Nighttime Sleep, Daytime Napping, and Labor Outcomes in Healthy Pregnant Women in Taiwan
Article first published online: 31 OCT 2013
© 2013 Wiley Periodicals, Inc.
Research in Nursing & Health
Volume 36, Issue 6, pages 612–622, December 2013
How to Cite
Tsai, S.-Y., Lin, J.-W., Kuo, L.-T., Lee, C.-N. and Landis, C. A. (2013), Nighttime Sleep, Daytime Napping, and Labor Outcomes in Healthy Pregnant Women in Taiwan. Res. Nurs. Health, 36: 612–622. doi: 10.1002/nur.21568
This work was supported by National Science Council, Taiwan, NSC 99-2314-B-002-002 and NSC 100-2314-B-002-029-MY3. The authors would like to thank Wen-Li Lin, Wen-Hsin Chang, and Zin-Hye Yang for their assistance in data collection. Special thanks to the women who participated in the study.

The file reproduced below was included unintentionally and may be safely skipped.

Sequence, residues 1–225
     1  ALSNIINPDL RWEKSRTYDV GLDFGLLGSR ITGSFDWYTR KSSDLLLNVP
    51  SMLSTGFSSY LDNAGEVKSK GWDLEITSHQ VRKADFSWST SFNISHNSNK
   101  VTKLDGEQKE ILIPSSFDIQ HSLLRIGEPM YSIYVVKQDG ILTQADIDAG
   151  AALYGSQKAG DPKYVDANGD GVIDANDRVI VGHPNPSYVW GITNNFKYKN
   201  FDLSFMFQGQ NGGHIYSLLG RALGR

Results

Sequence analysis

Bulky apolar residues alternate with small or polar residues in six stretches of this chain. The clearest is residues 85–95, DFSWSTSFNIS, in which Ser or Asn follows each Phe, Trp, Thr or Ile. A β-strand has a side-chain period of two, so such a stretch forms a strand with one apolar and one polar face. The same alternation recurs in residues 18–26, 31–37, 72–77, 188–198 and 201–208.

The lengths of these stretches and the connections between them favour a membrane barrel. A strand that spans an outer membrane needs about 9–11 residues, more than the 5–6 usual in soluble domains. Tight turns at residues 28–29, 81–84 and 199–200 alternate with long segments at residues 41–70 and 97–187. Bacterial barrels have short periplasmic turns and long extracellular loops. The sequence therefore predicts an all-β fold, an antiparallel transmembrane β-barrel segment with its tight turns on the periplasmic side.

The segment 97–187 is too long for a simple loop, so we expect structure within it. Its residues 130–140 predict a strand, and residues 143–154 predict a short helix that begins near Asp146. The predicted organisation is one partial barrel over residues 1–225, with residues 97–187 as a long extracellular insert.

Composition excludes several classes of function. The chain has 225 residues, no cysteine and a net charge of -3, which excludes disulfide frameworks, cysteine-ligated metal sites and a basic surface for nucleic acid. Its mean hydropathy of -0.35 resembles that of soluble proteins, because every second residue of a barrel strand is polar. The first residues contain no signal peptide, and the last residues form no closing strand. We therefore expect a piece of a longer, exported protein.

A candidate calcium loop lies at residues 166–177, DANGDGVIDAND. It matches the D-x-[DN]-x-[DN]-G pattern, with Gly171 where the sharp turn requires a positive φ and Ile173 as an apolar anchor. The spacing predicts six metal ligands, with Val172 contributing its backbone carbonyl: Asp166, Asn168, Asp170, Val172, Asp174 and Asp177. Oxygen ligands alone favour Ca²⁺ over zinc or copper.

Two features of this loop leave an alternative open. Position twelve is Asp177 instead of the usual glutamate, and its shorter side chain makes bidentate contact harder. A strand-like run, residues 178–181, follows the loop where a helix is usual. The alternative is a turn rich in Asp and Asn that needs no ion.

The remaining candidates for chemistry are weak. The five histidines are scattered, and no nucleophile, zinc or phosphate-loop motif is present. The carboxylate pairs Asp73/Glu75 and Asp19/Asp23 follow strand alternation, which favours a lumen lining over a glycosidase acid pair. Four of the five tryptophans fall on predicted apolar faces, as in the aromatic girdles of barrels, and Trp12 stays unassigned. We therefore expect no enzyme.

- Issue published online: 14 NOV 2013
- Article first published online: 31 OCT 2013
- Manuscript Accepted: 26 SEP 2013
- National Science Council, Taiwan. Grant Numbers: NSC 99-2314-B-002-002, NSC 100-2314-B-002-029-MY3
We prospectively examined the associations of nighttime and daytime sleep during the third trimester of pregnancy with labor duration and risk of cesarean deliveries in a convenience sample of 120 nulliparous women who completed sleep-related questionnaires and wore wrist actigraphs for up to 7 days. Nap duration and 24-hour sleep duration were inversely associated with labor duration in women with vaginal delivery. Neither actigraphy-derived nor self-reported sleep variables were associated with type of delivery (e.g., vaginal, cesarean). Results showed a beneficial effect of sleep on labor duration and suggest that studies of sleep duration effects on labor and pregnancy outcomes require a consideration of the amount of both daytime and nighttime sleep. © 2013 Wiley Periodicals, Inc. Res Nurs Health 36: 612–622, 2013